Certifications can be helpful because they show that the technician has specific competencies. Some employers actively seek out industry-certified HVACR technicians.
Some states and localities require HVACR technicians to be licensed. Although specific licensing requirements vary, all candidates must pass an exam.Important Qualities
Customer-service skills. HVACR technicians often work in customers’ homes or business offices, so it is important that they be friendly, polite, and punctual. Repair technicians sometimes must deal with unhappy customers whose heating or air conditioning is not working.
Detail oriented. HVACR technicians must carefully maintain records of all work performed. The records must include the nature of the work performed and the time it took, as well as list specific parts and equipment that were used.
Math skills. HVACR technicians need to calculate the correct load requirements to ensure that the HVACR equipment properly heats or cools the space required.
Mechanical skills. HVACR technicians install and work on complicated climate-control systems, so they must understand the HVAC components and be able to properly assemble, disassemble, and, if needed, program them.
Physical stamina. HVACR technicians may spend many hours walking and standing. The constant physical activity can be tiring.
Physical strength. HVACR technicians may have to lift and support heavy equipment and components, often without help.
Time-management skills. HVACR technicians frequently have a set number of daily maintenance calls. They should be able to keep a schedule and complete all necessary repairs or tasks.
Troubleshooting skills. HVACR technicians must be able to identify problems on malfunctioning heating, air conditioning, and refrigeration systems and then determine the best way to repair them.
Because HVACR workers often work in and around people’s homes, they may need to pass a background check before being hired.
Average Length of Employment
Top Careers Before Refrigeration Technician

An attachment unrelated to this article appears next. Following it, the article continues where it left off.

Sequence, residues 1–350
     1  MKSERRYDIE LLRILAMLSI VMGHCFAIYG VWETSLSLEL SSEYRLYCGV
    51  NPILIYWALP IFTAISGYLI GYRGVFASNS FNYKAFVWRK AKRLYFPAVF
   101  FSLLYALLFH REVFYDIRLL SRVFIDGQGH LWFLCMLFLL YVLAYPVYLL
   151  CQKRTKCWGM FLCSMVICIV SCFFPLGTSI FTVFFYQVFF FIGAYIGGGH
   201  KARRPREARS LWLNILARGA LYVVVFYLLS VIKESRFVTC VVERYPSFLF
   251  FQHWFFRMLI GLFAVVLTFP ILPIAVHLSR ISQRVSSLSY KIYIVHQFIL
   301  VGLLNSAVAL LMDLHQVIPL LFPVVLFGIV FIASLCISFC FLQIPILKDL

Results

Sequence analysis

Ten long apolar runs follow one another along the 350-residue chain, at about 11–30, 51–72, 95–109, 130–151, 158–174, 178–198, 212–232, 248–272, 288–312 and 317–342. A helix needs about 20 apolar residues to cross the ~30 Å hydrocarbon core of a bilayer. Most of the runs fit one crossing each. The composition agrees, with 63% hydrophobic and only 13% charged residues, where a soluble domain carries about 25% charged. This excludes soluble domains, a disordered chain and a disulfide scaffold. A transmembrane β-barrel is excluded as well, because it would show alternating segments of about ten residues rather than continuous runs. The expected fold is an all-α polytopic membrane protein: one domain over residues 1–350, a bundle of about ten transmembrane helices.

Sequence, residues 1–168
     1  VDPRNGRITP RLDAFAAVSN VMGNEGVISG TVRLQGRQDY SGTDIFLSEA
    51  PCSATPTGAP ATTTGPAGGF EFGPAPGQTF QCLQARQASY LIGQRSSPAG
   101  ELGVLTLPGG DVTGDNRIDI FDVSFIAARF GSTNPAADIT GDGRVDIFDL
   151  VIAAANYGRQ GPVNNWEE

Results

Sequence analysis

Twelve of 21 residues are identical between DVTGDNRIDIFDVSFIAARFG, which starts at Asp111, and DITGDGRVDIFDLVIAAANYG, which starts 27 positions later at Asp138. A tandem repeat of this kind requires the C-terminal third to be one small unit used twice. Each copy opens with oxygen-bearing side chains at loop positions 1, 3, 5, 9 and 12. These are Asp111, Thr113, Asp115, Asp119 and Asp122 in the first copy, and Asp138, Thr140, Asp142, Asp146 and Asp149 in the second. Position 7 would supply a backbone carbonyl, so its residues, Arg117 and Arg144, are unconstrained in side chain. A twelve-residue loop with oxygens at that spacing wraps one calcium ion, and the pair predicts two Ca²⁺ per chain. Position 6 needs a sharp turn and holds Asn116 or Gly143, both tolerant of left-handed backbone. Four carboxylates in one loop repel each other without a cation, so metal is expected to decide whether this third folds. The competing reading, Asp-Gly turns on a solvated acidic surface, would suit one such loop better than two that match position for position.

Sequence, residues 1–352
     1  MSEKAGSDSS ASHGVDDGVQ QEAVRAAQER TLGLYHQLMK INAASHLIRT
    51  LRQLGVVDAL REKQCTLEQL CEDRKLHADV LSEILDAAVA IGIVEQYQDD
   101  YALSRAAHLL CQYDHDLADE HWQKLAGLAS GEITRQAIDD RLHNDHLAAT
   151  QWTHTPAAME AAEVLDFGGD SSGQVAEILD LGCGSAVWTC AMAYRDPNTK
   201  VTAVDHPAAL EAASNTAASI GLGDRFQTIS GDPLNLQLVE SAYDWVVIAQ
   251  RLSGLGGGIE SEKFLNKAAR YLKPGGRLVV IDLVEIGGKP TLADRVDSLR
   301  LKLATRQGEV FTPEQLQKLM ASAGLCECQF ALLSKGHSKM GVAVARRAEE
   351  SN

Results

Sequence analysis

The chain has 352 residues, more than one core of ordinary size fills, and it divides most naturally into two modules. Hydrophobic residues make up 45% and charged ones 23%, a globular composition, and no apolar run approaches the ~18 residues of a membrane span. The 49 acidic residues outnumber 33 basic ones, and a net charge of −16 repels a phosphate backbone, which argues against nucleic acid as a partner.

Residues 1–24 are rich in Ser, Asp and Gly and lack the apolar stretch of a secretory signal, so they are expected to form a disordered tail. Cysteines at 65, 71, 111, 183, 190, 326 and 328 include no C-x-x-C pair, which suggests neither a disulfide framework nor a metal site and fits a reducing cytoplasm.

Top Careers After Refrigeration Technician
Hispanic or Latino16.7%
Black or African American0.6%
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Lanier Technical College10.7%
Garden City Community College9.4%
University of Phoenix8.7%
Ferris State University6.7%
Universal Technical Institute6.7%
Refrigeration School Inc6.0%
Lincoln Technical Institute4.7%
Anne Arundel Community College4.0%
Apex Technical School4.0%
Perry Technical Institute4.0%
Kirkwood Community College3.4%
Houston Community College3.4%
Wenatchee Valley College3.4%
American InterContinental University3.4%
San Diego City College3.4%
Bay State School of Technology3.4%
Community College of the Air Force3.4%
Western Technical College3.4%
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|Job Title||Company||Location||Start Date||Salary|
|Refrigeration Technician||Pulmuone Foods USA, Inc.||Fullerton, CA||Aug 31, 2016||$54,142|
|Refrigeration Technician||Blue Air Commercial Refrigeration, Inc.||Gardena, CA||Nov 03, 2016||$53,373|
|Refrigeration Technician||Blue Air Commercial Refrigeration, Inc.||Gardena, CA||May 16, 2016||$52,291|
|Refrigeration Technician||Claddagh Refrigeration & A/C Co. Inc.||San Francisco, CA||Dec 21, 2009||$50,798|
|Refrigeration Technician||Technidyne Corporation||Toms River, NJ||Sep 05, 2008||$46,811|
|Refrigeration Technician 2IC||Oztek Commercial Services||Evans, CO||Mar 24, 2016||$37,566 -
|Refrigeration Technician||GC Transport Refrigeration||Whittier, CA||Sep 16, 2008||$35,416|
|Refrigeration Technician||GC Transport Refrigeration||Whittier, CA||May 13, 2008||$35,416|
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Becoming an HVAC Tech
A Day in the Life of an HVAC Tech.
Another Day in the Life of an HVAC Technician